Finally, I blink into the sunlight. First impressions? Elise. It shares the same windscreen and dimensions (oh, and, eventually, production line), but while every (carbon fibre) panel is different, the profile, stance, height and dimensions are familiar. Not that this is a bad thing – and besides, it does ‘look’ different.
It seems much like what a start-up company’s first sports car would resemble. No classic, heavily influenced by others, but certainly enough to have passing cyclists shouting “nice car, mate”. Air inlets on the rear wings are pure F430 (that’s what you think each time you spy them in the doormirrors), as are the lights and rear buttresses. Spot the cues elsewhere.
Overall, it’s very American and a bit soft, but not inoffensive – and that’s vital when you think of how significant this car is. It needs to be an electric car flag-bearer. And if most of the population think it a pig-ugly brick, flags will soon be at half mast.
The cockpit is Elise. Same massive sills, same dash, but a nicer, swoopier centre console (and full carpeting). Dials are similar but next to the driver’s knee is a touch-screen display. It’s for PIN security, and to monitor the power management of the car. There is even a ‘fuel saved’ meter. Enter the mpg of your ‘other’ car and Tesla will tell you how many barrels of oil you haven’t consumed. Genius.
Turn the key and nothing happens, of course. Save for a ‘wake-up’ bleep, a bit like a computer starting up, that signals you’re ready. Select Drive, release the handbrake; then things become very different.
Attenborough often films weird sea creatures, motionless, which suddenly spear along at comet-like speed in an unfeasible flash. That’s what accelerating in a Tesla for the first time is like. Leaving you suddenly travelling at 75mph in Central London, seemingly in silence, completely at a loss as to what’s going on. Totally baffling. No noise, no vibration, no gearchanges, no sensations – just delirious speed, like being on a rollercoaster.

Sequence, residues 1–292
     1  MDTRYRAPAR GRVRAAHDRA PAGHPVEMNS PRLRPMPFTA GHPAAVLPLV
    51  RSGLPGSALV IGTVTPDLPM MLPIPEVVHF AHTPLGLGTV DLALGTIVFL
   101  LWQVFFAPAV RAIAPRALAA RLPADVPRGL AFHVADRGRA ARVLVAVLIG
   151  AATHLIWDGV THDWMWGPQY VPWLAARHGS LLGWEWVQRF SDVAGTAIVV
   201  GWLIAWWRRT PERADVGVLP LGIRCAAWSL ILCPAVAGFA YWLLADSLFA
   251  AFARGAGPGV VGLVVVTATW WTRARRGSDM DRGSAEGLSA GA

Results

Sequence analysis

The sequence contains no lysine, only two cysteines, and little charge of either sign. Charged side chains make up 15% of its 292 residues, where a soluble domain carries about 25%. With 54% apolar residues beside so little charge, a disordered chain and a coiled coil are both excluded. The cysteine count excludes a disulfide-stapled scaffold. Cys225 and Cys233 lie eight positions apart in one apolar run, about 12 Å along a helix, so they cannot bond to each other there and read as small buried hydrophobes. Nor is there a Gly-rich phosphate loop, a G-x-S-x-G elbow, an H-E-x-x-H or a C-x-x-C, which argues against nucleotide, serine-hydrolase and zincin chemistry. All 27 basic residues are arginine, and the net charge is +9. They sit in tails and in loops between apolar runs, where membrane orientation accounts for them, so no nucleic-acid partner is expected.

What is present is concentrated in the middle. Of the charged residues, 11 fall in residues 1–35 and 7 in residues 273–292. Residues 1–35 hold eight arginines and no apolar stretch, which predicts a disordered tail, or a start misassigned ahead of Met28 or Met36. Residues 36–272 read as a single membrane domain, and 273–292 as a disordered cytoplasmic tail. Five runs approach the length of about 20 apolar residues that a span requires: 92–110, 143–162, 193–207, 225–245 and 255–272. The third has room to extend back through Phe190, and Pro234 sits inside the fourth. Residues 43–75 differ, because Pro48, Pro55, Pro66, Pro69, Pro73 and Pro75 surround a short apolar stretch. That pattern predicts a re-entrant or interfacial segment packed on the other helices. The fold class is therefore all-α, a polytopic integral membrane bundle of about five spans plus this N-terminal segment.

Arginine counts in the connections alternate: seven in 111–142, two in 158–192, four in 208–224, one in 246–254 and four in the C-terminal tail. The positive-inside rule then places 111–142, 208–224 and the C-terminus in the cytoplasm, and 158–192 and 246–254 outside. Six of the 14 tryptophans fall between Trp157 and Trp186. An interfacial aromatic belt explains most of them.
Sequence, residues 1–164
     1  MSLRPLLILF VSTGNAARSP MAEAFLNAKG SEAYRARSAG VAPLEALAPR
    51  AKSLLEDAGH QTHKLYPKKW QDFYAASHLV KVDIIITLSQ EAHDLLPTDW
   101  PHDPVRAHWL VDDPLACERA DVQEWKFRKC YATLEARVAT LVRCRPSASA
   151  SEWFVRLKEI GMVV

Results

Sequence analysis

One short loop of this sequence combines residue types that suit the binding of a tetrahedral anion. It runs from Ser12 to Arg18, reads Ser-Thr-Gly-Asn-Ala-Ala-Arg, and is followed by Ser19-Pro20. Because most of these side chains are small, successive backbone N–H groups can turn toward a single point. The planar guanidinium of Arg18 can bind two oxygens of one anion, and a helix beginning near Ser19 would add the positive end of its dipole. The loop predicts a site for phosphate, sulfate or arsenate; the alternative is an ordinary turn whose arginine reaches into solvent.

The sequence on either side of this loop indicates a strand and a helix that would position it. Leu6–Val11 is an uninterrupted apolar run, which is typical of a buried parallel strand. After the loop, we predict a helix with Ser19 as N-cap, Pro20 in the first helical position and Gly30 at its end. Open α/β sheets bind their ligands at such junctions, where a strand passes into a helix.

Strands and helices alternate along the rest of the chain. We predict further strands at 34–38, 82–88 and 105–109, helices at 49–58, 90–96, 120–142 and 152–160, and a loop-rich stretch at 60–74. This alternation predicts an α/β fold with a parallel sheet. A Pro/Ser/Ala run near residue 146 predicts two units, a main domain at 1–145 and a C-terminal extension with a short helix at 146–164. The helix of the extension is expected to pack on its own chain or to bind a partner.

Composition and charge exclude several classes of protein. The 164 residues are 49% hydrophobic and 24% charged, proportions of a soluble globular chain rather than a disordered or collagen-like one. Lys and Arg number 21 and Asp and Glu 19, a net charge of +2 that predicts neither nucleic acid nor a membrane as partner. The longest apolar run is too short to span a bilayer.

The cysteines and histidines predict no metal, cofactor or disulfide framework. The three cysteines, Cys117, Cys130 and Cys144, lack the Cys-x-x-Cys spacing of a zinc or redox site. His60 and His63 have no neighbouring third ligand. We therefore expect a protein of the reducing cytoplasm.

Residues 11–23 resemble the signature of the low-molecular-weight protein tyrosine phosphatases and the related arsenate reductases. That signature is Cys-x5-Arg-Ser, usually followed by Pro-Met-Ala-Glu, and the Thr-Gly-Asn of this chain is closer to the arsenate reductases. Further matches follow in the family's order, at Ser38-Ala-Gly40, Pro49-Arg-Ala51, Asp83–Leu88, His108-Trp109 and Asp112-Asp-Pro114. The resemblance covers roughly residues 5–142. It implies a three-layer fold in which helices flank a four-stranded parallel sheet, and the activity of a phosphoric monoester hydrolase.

This is electric ‘go’. It’s soon apparent the switch-like intensity of response to the throttle, and the ensuing reaction, defines the Tesla. It is, I’d imagine, like an F1 car’s. You hear it on Hamilton’s in-camera shots through bends: when he’s back on power, it’s a digital, zero-to-one nose, no fluff or faff. Here, you feel it. Accelerator response is incredibly clean and crisp, and proportional, like very few IC engines. It’s like Broadband. It’s always on. The ‘mid-range’ effect is just sensational.
Don’t forget, there are no gearchanges, either. Just total linearity. The same sustained rush from zero to speed x. In silence. Alien? Totally. Such alacrity infuses the rest of it, too.
Initial dynamic impressions are of familiar Elise-like steering precision and delicacy, firm and lag-free response, a more supple and compliant setup, perhaps – but with a newfound trick: the best throttle-adjustability, ever. Going on the power gives so much force, which can be varied and modulated with unheralded precision and immediacy, it becomes a rear-driver you drive like a front-driver.
Accuracy exudes. Elise-derived kit always does, but the unique drivetrain enhances it here. This is a hi-tech feel, very future-gen. Besides, as there is no engine tune to connect with, here, your emotional hook is even more so with the chassis. It’s the bit supplying all the thrills, so you hone in on it with added intensity. More race car mentality similarities.
Mind you, something else felt is the cleanliness of the drive. Not just in the obvious – but, in lacking oily bits, somehow it becomes easier to grasp, to feel, to sense. All the complexity has been stripped back, meaning you just get in and drive. It just works. It’s like an iPod. They have no instruction book; with this, I got in, was told about the start-up procedure by a sandwich-munching Tesla man, and was away, feeling like a hero. More simple it could not be.
Nor more thrilling. That, in a nutshell, describes the Tesla. It gives the same tight feelings in your stomach as, again, a rollercoaster – such is the intensity of acceleration, the g-laden forces from cornering. It’s as if the electromagnetic impulses are being fed into you, too. It’s a performance car like no other. Which, dammit, works brilliantly.